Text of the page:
Tuesday, August 9, 2011

To Ban or Not To Ban? Education is the Answer

Leave it to the Head Ball Coach to cause a stir.

Over the weekend, South Carolina head football coach Steve Spurrier announced his players were banned from using Twitter, and a firestorm of opinion - from all sides - has ensued.

In an interview on the Dan Patrick Show today (Tuesday), Spurrier said of Twitter, "Nothing good can come of it" when asked about the ban.

That was it.

End of discussion ... as far as Spurrier is concerned.

Spurrier sounded like a person who didn't understand and didn't want to understand Twitter. And I get that. He's a football coach. Why should he care about the social media platform?

Banning Twitter is the easy, simple, stick-your-head-in-the-ground way to deal with the issue. It's not a solution, but a delay is curbing any potential problems.

(NOTE: Members of the media have differing opinions as well. Check out CNBC's Darren Rovell's piece and then compare it to CBS's Gregg Doyel's offering. Oh, and Maryland head football coach Randy Edsall says his players are allowed to tweet.)

Do 18 to 22 year-olds tweet some non-sensible stuff? Yes, yes they do. But you know what? I've seen some supposedly maturing tweeters post some "not-so-smart" items as well. Some do so on a daily basis, especially some "celebrities" on Twitter. (Tiger blood anyone?)

Banning kids from Twitter isn't the answer and won't keep them off. Ever heard of 'fake' accounts? Don't think fake accounts have much credibility or have much of a following? Think again.

In less than 24 hours, @SportsStache33 - a fake account mocking ESPN columnist Bill Simmons, went from a Klout score of 0 to 32. The account did not exist two days ago, and in less than a day, it has a Klout score of 32! Then there's @fakeNedYost, the alter ego of Kansas City Royals manager Ned Yost. This fake Twitter account boasts a Klout score of 66!

What this means is an account designed to appear like a legit account but takes a tongue-in-cheek approach can reach a large audience and carry influence. What's to stop a college kid from creating a fake account of his own?

The only real solution is education. At the vast majority of NCAA D-I schools, student-athletes go through media training, where they learn the do's and don't's of how to handle themselves in front of a camera and microphone. But in reality, very few athletes get interviewed, especially in football. The media focuses largely - and almost solely - on players in the skill positions on offense and any defensive standouts. Linemen almost never see the mic, and forget about it if you down on the depth chart.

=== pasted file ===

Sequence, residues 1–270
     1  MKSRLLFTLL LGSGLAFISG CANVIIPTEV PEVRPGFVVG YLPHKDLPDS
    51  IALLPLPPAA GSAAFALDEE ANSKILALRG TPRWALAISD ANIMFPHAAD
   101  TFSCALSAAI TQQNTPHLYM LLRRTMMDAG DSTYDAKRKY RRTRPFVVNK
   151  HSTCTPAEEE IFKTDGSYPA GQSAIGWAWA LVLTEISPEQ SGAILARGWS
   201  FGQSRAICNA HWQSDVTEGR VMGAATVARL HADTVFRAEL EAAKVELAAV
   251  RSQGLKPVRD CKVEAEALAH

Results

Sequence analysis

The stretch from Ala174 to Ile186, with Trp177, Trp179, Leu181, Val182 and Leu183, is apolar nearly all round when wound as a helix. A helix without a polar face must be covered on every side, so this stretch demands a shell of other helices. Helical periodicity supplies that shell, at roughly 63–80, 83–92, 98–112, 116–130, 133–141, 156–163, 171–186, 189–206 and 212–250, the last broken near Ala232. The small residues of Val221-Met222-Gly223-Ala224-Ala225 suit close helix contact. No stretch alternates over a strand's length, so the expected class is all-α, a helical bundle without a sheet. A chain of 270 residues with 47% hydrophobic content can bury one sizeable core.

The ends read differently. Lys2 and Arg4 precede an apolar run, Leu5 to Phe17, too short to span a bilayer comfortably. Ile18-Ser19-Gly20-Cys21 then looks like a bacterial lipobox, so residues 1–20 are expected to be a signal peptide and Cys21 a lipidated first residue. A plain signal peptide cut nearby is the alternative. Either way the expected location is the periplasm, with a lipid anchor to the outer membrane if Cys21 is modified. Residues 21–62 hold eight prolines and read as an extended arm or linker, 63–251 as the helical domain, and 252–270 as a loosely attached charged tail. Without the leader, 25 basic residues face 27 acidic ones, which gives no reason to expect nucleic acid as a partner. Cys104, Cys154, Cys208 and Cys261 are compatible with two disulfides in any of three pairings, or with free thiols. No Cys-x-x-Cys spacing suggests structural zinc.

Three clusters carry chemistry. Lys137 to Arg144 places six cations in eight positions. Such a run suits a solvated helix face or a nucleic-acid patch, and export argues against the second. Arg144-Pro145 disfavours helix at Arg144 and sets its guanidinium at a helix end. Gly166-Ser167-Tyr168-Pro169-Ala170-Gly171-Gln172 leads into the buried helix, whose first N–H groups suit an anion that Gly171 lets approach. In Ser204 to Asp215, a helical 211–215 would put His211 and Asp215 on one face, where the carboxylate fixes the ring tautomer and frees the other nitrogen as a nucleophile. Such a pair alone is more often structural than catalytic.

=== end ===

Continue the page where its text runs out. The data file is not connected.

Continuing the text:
But everyone on the team can have a voice on Twitter.

For that reason, I get a coach's rush to ban Twitter all together.

If you're going to go to the trouble to train them how to handle themselves in the spotlight of the camera and local radio microphone, why not take a few extra minutes to educating on how to behave in front of the mic that is never turned off - Twitter?

Fortunately, one NCAA D-I SID has gone through the trouble of compiling a list of 50 Twitter Tips for the college athlete. Must say, Tennessee's Tom Satkowiak covered just about everything here.


  1. I have to agree but this also goes in professional sports as well. The part time staffs are siloed and I guess they think this is a good idea. Education needs to happen on all levels in the sports industry. This is a stupid rule because they are adults and they have free speech. Give them the do's and don'ts and let them make their choices. You need brand ambassadors and the team is where it starts. Educate everyone and see how the camaraderie grows. This really irks me because I am a believer in education for everyone so the brand can grow and well as long as you don't tweet during the game or during the playoffs and you keep your head in the game. What is the problem?

  2. Sorry, but I gotta go with Spurrier on this one, but not because I agree with his reasoning. The time to talk about educating kids was about four years ago when this all started. Now, schools are so far behind the eight ball, this is their only hope...for now. Hopefully, right after coach made the announcement, there was a discussion with the SID about setting up some training for the kids so that maybe next season, they can lift the ban. I think the ban is only a symptom of the lack of foresight on part of the schools. The smart ones will work hard to get those athletes trained in media use so they don't have to institute such archaic rules. Unfortunately, I don't see that happening. For now, the kids have plenty of other less visible channels to vent. Part of responsible coaching for today's student-athlete has to involve some personal social media training. I would think the schools would be concerned about how irresponsible use might come back to bite them in the future for jobs and such--it's part of training these young kids to be responsible adults.

  3. Chris - I see and understand your point, and I agree to an extent. Part of my frustration with the latest banning is Spurrier's dismal of Twitter, like it's a fad that only the 'crazy kids do these days.' I also understand the cart blanch e banning of Twitter for a football team since the head coach has to oversee 100+ student-athletes. It could take a while to educate/train all of them. I'm fine with having the student-athletes go 'silent' in order to train them, but just to say 'no tweeting' and that's that, I'm not a fan of. At what point will the student-athletes be taught and learn responsibility? Best case scenario would be they already learned it at home. Hopefully, student-athletes (and all college students for that matter) learn responsibility by the time they leave college. Otherwise, their slip-ups could have far damaging affects.